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Overwhelmed with gratitude: my Gnomedex reviews

June 27th, 2005 · 5 Comments

How do I say thank you to everyone? I’m overwhelmed…

Speaking at Gnomedex on Saturday was an amazing experience. I’m grateful to Chris and Ponzi for inviting, promoting and believing in me. They also bent over backwards to take care of our kids and make sure they were comfortable. Wow! Thanks for the excellent conference for our whole family! The organizers of Northern Voice deserve credit for allowing me to be a speaker back in February, giving me the opportunity to create this talk in the first place (and setting a precedent for family-friendliness too!). Boris, Darren, Roland, Richard and Kris, many in the Canadian crowd at the conference, all feel like old friends. Dave Winer gets my gratitude for putting me on this path last August by asking me to lead a discussion at BloggerCon III on emotional life. Thanks to Robert and Maryam Scoble for their continuing enthusiastic support and faith in me. Thanks to Derek Miller and family for helping organize our family dinner Friday night, and to David Robertson for joining us! And thanks to everyone who has encouraged me in this process, including Beth, and many friends and blog readers…and especially my family and beloved Ted.

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Dave Winer connecting with Elisabeth

Reviews of my session that I’ve discovered via my stats, Feedster and PubSub. (Technorati doesn’t seem to be working as well.) I’ve tagged and put in my delicious bookmarks under the tag gnomedexreviewjleung. After a while I tried to copy phrases or take notes in the bookmark so I could distinguish the posts. If you know of a review that is not in this bookmark list, please let me know. I also made a bookmark for Flickr.com photos of me at the conference: favorites here, here and here. (Ted has a list of reviews too.) I just uploaded my own Flickr.com gnomedex photos of fun moments. Please feel free to browse!

In general, people seemed to enjoy my talk and showered me with compliments. I feel almost embarrassed by the lavishness, overwhelmed by the kindness, and I don’t know how to respond! Afterwards, as I walked through the halls, many greeted me and shared stories from their own lives, experiences that my presentation had stirred within them. One of the reasons I enjoy speaking is the cascade that occurs: others then begin to tell their own tales and reveal how our lives intersect. It’s amazing and fascinating to me, how a few words typed on a screen or spoken from a stage can open a flow of connection, community and relationship. Thank you to everyone!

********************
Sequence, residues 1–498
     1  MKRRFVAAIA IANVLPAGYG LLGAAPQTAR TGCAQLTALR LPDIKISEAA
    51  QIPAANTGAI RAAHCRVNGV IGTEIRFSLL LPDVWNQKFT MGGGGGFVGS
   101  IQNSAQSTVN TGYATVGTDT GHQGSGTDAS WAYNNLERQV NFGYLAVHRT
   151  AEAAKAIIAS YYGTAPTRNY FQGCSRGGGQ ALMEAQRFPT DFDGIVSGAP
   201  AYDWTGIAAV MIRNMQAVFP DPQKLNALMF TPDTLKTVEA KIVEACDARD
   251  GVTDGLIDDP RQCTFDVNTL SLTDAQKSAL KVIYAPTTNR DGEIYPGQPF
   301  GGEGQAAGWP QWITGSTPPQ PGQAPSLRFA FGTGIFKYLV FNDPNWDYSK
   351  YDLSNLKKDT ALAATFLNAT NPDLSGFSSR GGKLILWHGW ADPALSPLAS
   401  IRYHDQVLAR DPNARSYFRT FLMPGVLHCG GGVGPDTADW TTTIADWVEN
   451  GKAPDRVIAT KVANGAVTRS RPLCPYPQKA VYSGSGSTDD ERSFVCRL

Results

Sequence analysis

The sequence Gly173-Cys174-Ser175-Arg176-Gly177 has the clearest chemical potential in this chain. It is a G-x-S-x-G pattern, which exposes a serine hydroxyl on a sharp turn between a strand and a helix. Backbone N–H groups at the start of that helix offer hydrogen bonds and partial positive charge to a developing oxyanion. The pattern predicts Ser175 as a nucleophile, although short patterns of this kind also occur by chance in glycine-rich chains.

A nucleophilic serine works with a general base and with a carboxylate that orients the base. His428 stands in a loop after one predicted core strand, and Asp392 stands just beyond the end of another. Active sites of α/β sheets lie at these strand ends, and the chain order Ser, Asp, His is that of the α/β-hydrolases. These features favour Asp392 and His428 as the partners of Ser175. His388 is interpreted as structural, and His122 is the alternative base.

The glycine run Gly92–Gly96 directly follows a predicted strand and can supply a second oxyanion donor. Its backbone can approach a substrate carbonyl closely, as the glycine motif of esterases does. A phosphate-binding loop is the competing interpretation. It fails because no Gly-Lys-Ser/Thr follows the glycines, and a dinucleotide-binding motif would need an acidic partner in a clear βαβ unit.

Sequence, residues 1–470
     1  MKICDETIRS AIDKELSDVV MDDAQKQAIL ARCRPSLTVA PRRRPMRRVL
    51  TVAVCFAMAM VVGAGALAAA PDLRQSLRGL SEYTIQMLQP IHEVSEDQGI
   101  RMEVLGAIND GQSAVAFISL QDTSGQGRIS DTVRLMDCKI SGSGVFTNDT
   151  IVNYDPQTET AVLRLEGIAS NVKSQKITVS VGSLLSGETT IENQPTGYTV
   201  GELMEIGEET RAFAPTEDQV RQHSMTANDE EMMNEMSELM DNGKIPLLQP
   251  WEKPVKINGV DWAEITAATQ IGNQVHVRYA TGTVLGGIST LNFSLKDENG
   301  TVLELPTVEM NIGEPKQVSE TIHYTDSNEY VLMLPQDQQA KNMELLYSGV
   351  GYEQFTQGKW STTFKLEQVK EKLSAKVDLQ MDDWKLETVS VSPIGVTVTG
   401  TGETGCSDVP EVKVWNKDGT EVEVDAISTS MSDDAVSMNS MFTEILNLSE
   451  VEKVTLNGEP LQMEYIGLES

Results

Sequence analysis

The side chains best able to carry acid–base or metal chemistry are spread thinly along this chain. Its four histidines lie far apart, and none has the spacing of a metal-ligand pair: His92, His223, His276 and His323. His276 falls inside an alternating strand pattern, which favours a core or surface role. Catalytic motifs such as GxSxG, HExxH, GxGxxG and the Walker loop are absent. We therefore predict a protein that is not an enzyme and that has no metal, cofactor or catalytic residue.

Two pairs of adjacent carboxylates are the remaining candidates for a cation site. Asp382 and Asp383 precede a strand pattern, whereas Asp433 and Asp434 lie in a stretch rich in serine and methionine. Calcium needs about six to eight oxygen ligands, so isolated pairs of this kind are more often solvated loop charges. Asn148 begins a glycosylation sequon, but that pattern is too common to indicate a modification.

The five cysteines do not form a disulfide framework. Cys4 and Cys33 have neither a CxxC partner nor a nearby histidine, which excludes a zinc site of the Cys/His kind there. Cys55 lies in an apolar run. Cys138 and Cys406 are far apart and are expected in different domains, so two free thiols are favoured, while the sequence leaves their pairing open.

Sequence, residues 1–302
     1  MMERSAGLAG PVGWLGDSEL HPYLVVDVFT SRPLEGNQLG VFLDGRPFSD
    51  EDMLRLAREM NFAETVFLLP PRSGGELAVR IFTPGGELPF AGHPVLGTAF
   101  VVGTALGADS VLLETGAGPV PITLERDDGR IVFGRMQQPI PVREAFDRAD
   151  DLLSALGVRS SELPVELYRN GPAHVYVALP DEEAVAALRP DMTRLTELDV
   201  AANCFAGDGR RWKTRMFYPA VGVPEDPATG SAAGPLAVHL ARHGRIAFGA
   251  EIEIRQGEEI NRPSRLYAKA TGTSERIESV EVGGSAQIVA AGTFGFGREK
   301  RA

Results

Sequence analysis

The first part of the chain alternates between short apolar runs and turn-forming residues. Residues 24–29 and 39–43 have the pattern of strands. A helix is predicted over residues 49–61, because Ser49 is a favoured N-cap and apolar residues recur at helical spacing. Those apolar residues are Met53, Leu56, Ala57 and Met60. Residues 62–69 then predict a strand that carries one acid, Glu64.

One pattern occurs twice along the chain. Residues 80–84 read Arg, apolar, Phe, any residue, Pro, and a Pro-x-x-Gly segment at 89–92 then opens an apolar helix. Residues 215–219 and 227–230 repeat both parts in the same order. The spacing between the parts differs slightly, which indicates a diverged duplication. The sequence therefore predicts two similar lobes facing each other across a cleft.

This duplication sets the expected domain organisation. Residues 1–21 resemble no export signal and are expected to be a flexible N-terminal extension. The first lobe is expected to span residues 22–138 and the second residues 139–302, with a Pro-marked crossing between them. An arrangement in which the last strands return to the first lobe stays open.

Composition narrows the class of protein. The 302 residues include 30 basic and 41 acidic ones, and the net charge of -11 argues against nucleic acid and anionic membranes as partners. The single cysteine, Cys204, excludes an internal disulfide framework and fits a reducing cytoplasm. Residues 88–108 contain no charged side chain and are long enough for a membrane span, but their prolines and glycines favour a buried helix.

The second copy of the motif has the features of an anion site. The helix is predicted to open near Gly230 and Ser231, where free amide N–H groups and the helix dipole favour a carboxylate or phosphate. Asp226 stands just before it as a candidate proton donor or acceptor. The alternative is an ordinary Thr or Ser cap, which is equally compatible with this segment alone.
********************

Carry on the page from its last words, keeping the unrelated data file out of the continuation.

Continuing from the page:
I’ll link to the audio and video recordings of my session as soon as I find them. Does anyone know where one can be found? Please let me know. I thought I heard on Saturday that someone had already watched the video, but I should have asked for the location.

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I’m grateful others appreciated what I said. I did work hard preparing my presentation, so as Ted wrote, it is gratifying to know it was effective. But I believe that there were many other great speakers at Gnomedex. I was only telling stories. I’m overwhelmed by the quality and quantity of participants, both on stage and in the audience. It was a rich mix of people. I also think I have much to learn about giving and preparing presentations. I can’t remember the last time I performed for an audience with the size and significance of Gnomedex. Again, I’m grateful for the opportunity to learn and grow as a person in many ways, the opportunity to build more bridges of community across physical and internet space between us and the explorations we can do together.

What I missed (notes for next time, if there is one):

Richard (who would be the second chapter of my makeoutcity.com story) noticed that my experience with my daughter’s surgery was cut from this version of my talk. I was concerned I had too many slides and tried to simplify. Perhaps that story should be re-inserted in future version. [an aside: do check out the insightful video Richard also links of Suw Charman’s interview at SuperNova, talking about blogs building and strengthening social bonds]